One thing is clear to me: We, as human beings, must be willing to accept people who are different from ourselves.
- Barbara Jordan (February 21, 1936 – January 17, 1996)
She was an American politician and a leader of the Civil Rights movement. She was the first African American elected to the Texas Senate after Reconstruction and the first southern black female elected to the United States House of Representatives.
Happy March, and happy Women’s History Month! This month, as I’ve done for the last two years, I’ll be posting a new woman illustrator every day here on the blog. I can’t believe this is the third year running that I’ve done this, and it’s something I look forward to doing every year.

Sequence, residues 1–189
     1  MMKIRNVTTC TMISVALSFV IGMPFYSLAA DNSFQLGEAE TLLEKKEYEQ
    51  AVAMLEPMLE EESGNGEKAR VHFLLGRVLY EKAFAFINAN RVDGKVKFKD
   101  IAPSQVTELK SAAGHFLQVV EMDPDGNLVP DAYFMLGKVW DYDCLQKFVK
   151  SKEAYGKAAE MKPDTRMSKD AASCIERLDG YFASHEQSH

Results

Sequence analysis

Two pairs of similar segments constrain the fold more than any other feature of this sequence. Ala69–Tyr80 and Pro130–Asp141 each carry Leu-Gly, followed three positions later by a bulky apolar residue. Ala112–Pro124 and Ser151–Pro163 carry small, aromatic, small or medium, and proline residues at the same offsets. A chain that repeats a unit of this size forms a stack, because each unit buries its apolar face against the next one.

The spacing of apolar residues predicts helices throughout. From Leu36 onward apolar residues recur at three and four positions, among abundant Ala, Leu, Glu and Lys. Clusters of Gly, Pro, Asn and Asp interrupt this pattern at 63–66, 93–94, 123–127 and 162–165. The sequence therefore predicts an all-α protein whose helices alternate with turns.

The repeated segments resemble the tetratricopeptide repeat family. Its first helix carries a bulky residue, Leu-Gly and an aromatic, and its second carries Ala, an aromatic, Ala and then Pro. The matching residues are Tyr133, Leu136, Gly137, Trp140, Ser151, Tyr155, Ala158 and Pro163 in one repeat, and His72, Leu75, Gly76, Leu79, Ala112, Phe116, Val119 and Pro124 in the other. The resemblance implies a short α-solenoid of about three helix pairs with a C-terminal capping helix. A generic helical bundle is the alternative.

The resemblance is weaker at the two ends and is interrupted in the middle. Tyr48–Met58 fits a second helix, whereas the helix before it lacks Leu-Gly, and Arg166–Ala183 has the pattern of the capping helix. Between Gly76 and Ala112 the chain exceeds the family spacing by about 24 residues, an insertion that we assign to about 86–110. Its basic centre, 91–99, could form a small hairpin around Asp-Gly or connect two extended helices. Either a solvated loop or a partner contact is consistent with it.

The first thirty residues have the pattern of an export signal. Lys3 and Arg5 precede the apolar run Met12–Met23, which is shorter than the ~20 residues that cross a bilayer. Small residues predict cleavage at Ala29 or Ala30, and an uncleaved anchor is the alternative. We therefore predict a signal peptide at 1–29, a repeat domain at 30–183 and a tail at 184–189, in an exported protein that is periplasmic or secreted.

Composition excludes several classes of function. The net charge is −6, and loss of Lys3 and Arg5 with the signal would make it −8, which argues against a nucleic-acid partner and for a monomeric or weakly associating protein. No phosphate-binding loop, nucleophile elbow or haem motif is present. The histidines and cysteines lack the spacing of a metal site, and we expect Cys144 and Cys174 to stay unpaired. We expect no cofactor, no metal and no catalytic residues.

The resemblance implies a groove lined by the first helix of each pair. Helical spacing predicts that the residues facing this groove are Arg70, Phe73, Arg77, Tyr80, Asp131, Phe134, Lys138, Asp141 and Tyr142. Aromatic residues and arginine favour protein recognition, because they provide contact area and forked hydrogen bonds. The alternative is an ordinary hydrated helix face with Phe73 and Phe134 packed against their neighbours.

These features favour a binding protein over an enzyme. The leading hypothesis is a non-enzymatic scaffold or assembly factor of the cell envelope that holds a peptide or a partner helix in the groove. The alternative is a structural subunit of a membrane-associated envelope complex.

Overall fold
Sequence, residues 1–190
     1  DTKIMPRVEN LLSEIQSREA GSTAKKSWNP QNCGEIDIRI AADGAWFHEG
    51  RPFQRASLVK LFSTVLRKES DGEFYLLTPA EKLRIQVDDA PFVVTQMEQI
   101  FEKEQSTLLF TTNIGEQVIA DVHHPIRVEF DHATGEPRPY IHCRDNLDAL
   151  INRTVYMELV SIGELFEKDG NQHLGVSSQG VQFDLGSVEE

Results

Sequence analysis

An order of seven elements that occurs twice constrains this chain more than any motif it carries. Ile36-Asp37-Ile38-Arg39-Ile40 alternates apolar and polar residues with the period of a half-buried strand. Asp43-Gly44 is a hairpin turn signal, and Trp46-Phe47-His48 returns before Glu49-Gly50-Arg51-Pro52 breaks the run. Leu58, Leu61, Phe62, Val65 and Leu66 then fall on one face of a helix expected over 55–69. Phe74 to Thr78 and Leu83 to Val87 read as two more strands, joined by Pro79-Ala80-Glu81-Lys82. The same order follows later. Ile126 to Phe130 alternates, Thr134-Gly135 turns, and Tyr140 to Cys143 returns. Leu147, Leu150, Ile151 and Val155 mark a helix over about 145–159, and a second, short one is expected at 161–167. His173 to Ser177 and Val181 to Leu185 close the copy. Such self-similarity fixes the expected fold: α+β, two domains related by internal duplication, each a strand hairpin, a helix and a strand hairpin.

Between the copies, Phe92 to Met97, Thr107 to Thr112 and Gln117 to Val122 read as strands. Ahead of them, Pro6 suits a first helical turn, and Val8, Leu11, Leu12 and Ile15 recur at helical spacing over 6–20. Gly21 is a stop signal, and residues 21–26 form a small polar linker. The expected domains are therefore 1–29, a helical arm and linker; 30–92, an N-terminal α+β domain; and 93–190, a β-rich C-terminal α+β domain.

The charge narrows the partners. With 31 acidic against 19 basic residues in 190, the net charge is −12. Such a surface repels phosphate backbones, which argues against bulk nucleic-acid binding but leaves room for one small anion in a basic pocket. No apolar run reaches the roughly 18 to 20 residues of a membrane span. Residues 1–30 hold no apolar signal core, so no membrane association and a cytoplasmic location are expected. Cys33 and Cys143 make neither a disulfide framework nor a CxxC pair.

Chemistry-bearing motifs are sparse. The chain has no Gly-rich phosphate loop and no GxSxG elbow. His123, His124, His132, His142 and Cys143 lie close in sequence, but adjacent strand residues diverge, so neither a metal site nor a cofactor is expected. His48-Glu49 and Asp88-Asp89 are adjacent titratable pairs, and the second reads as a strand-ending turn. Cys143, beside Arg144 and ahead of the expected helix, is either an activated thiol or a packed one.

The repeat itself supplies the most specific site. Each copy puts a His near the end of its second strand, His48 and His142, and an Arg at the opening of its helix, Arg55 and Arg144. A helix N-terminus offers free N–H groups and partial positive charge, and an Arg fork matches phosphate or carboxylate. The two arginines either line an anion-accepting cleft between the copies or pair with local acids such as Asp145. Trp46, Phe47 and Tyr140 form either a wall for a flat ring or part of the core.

I wanted to start today with an artist that I recently came across, who created the iconic suffrage poster above. Bertha M. Boyé (1883-1931) was a San Fraancisco-native illustrator and sculptor.
Boyé was born in Oakland and raised in San Francisco. She attended the California School of Design, where she received awards of merit and scholarships for her work in life drawing and composition, but her professional work focused mainly on sculpture and “decoration” or illustration. She reated illustrations for books such as A Mother Goose for Lovers’ Use, a series of rhymes based on Mother Goose (1912), and Dotty Seaweed (1909), a children’s book about a mermaid. ) Finding examples of her work other than this iconic poster has proved extremely difficult; at first I assumed she had not pursued professional art past this one published piece, but her story has much more to it.